Wednesday, May 18, 2011

Drama means conflict

 If you have not been a follower of Kristen Lamb's Blog, I highly suggest you check it out when you get a chance. She recently did a couple of posts dealing with conflict, and the one that really resonated with me was "Little Darlings and why they Must Die"  In that post she makes the point that complications do not equal conflict. She wrote:
The problem is, complexity is not conflict. We can create an interstellar conspiracy, birth an entirely new underground spy network, resurrect a dead sibling who in reality was sold off at birth, or even start the Second Civil War to cover up the space alien invasion…but it ain’t conflict. Interstellar war, guerilla attacks, or evil twins coming back to life can be the BACKDROP for conflict, but alone are not conflict.
 Before I read Kristen's post, I had just finished reading a book that had been sent to me for possible review. While the writing in the book was engaging in parts and the central character was interesting, I was lost in layers of complications and kept sensing that something was missing. That something was real conflict.

Then I thought about the trouble I had in finishing Stalking Season, the second book in my mystery series, and realized that I had been struggling with this issue of conflict vs. complications. With a mystery, we want lots of suspects and false trails, but I know I have to be careful that I don't focus too much on that and forget about the basics of conflict:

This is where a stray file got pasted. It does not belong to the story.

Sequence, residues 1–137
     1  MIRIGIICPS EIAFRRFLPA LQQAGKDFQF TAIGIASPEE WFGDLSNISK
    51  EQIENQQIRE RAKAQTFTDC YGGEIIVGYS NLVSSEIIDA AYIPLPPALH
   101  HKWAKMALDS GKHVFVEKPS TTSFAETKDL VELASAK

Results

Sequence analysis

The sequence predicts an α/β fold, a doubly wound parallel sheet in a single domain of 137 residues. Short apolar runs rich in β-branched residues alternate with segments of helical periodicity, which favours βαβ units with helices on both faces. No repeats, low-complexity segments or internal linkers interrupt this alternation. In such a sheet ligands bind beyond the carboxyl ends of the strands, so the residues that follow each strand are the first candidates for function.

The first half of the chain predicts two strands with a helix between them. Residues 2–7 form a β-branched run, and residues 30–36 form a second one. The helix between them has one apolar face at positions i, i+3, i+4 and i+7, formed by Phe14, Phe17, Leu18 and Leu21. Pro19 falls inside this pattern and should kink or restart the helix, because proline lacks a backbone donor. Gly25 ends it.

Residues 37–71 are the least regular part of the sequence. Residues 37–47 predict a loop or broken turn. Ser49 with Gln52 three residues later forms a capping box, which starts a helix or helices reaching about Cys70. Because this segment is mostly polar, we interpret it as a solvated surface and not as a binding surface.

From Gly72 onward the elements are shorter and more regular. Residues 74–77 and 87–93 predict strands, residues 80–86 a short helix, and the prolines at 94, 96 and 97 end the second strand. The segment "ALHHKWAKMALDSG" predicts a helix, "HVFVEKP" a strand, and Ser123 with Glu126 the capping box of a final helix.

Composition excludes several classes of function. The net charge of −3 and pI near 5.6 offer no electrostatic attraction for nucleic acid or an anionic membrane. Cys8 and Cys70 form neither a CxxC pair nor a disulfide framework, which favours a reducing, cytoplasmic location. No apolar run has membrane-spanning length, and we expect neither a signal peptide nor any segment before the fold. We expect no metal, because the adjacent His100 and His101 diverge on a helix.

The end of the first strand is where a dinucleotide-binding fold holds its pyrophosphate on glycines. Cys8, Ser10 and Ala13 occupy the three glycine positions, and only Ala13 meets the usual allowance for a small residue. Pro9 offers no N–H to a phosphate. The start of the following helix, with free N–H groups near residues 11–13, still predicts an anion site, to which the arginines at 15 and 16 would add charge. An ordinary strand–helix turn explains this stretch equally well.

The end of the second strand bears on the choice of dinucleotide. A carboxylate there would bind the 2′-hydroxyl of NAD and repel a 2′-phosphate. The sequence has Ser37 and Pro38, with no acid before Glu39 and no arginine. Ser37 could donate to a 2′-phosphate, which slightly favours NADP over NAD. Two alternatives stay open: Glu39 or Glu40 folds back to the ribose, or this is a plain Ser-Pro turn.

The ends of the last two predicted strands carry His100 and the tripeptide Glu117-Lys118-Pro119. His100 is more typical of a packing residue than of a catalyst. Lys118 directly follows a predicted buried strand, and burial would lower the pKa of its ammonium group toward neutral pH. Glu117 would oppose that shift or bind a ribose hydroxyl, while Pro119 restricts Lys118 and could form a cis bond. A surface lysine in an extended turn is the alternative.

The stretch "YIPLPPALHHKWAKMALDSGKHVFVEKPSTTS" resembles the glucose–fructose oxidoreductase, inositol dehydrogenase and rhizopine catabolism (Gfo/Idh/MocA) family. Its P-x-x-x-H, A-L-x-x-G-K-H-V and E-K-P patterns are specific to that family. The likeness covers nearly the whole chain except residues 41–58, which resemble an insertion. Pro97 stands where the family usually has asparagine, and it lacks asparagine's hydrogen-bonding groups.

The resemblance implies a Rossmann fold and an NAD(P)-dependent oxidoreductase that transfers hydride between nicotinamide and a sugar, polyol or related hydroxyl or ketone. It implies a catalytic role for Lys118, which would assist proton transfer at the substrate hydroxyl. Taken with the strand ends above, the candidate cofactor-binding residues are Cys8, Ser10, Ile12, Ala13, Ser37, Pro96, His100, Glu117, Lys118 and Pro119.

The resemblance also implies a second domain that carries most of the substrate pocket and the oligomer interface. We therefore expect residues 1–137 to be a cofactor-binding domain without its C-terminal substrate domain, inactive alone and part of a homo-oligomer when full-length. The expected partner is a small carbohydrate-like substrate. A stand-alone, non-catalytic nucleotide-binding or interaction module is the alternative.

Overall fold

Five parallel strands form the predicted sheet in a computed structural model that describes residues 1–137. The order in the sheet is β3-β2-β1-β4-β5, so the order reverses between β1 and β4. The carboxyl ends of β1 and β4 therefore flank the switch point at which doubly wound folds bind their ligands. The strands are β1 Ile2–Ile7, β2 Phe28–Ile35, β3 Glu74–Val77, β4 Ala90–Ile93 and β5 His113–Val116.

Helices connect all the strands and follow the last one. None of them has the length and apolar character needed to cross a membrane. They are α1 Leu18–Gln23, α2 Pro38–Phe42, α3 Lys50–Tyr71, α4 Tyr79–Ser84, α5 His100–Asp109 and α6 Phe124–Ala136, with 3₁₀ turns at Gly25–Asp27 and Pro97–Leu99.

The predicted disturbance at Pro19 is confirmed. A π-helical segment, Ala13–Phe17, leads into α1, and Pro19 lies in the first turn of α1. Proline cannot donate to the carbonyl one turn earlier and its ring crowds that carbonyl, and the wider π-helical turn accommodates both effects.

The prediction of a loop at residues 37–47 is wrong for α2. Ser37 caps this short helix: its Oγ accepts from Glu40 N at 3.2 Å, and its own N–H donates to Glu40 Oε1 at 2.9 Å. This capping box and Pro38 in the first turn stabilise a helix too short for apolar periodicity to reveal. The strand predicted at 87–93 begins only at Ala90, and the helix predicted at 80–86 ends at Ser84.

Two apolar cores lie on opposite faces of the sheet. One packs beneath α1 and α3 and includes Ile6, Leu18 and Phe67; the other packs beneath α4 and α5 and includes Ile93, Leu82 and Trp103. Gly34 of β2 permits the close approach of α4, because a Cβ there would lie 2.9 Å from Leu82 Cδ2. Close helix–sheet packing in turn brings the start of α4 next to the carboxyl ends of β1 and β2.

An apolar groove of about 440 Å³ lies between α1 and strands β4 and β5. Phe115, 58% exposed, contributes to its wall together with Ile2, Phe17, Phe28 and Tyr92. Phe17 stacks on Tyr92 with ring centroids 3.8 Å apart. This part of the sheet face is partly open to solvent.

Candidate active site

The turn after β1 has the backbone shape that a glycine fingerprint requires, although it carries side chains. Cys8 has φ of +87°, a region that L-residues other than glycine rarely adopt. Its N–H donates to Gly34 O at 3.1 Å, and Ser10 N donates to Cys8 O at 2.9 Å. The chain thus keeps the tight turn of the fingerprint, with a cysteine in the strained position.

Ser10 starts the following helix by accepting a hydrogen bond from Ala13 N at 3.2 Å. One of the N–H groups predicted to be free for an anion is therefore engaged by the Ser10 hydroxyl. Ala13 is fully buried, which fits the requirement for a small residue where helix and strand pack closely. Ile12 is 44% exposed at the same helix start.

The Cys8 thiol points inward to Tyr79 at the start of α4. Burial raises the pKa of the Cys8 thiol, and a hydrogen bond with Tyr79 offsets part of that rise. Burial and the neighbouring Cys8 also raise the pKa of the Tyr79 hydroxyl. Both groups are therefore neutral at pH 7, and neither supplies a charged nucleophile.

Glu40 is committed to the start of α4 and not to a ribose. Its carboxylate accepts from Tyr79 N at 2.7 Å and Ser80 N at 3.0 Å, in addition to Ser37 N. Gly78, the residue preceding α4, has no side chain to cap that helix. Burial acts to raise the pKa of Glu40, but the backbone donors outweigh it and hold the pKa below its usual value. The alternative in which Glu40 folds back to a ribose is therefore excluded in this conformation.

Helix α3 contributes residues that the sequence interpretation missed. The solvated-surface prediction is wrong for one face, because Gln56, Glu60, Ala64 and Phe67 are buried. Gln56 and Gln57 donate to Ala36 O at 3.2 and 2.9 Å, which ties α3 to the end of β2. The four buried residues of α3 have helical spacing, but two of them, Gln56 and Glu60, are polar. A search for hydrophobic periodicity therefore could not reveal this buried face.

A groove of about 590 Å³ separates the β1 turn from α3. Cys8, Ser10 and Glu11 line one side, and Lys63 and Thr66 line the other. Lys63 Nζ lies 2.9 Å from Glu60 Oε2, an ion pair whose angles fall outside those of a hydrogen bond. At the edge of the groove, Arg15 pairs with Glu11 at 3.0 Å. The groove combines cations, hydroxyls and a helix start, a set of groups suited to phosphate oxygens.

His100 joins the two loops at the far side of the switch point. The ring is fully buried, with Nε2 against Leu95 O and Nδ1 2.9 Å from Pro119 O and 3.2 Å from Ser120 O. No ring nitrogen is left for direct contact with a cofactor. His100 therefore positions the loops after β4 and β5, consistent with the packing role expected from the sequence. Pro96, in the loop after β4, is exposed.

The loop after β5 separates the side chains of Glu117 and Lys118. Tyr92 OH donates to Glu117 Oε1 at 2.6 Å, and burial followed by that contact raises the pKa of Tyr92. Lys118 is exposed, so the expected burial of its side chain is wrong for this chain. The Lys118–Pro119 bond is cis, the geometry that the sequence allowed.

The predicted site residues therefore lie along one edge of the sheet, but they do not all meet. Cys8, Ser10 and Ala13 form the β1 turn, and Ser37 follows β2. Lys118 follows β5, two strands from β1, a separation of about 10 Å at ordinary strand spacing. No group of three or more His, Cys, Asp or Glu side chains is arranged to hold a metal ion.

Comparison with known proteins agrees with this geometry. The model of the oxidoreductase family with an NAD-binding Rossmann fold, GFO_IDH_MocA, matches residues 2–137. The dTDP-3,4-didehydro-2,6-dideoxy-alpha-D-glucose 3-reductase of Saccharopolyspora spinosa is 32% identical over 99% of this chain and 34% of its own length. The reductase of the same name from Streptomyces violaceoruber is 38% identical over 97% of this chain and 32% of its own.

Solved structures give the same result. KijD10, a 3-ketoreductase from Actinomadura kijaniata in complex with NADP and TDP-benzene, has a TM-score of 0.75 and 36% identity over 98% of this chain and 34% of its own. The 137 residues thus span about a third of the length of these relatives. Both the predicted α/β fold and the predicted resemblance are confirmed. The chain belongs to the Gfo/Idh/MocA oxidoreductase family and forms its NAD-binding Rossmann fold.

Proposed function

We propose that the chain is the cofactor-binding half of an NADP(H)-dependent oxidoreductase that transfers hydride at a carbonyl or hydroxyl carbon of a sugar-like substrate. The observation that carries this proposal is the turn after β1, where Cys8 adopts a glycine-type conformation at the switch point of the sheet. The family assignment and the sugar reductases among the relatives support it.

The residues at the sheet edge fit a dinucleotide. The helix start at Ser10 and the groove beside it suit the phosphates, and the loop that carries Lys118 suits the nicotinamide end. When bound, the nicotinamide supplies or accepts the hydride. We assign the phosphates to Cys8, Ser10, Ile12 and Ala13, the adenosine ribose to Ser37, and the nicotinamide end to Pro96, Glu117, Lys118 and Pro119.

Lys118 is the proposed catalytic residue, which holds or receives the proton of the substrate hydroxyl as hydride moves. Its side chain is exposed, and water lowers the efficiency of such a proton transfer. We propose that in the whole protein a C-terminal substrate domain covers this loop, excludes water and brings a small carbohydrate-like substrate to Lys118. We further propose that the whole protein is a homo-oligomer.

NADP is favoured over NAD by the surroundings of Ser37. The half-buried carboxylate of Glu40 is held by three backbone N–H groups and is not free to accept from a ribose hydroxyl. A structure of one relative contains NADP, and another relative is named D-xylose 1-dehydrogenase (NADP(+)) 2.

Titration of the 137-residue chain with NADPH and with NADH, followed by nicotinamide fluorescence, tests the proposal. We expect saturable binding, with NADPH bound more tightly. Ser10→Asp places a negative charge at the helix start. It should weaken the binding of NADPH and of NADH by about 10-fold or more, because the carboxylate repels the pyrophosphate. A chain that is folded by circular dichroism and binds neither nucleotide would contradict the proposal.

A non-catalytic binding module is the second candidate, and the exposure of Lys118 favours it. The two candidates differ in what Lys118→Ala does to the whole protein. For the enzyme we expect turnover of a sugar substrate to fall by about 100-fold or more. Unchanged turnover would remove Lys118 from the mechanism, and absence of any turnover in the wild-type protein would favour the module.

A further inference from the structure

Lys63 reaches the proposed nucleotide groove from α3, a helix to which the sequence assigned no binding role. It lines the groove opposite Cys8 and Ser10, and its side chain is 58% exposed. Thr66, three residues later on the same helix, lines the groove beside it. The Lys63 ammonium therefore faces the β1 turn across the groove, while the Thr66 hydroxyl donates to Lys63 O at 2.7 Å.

Character > goal > impediments

Another way to look at this is to think of drama as action and reaction. A character sets out to accomplish a goal, other characters or circumstances keep him from the goal, and he reacts. Keep in mind that reaction is emotional as well as physical. For example  in a romance the couple might have a fight and one of them storms out. That is the physical reaction. The emotional is what the character feels and thinks about the fight and what it means to the relationship.

In my case, I had been concentrating on the procdural side of the detectives finding the killer, I had missed some opportunities for real conflict. I knew something was missing, just like I knew something was missing in the book I read for review, but I  couldn't define the missing part until that aha moment when I read Kristen's blog.

Writers, how do you handle conflict in your stories?

5 comments:

Reb Alexander said...

What a wonderful post! Just what I needed and when I needed it. My main character in my children's book has a powerful conflict to deal with, but all around her other characters are milling about with lots of confusing details and no reason to be there. They need to have some sort of conflict as well! Back to the drawing board.

Maryann Miller said...

Thanks for stopping by Reb. Glad you found this helpful, and I hope the rewrite goes well. Once I sorted this issue out in my book, it got much easier to finish, so I hope that works for you.

Carol Kilgore said...

I don't like conflict in real life, so when I write I always have to go back time and time again and add more. It doesn't come automatically to me. But once I figure out what it is and where it needs to go, it's fun to write. I think I'm weird.

Maryann Miller said...

Carol, I don't handle conflict in real life very well, either. Whenever I have had to let two characters fight, either verbally or physically, it is always hard for me to write the scene. I keep cutting it off before it really heats up, so like you, I have to go back again and again to let it happen.

Helen Ginger said...

Usually I have the most problem with secondary conflicts. I have to remember to resolve them or bring them to a head.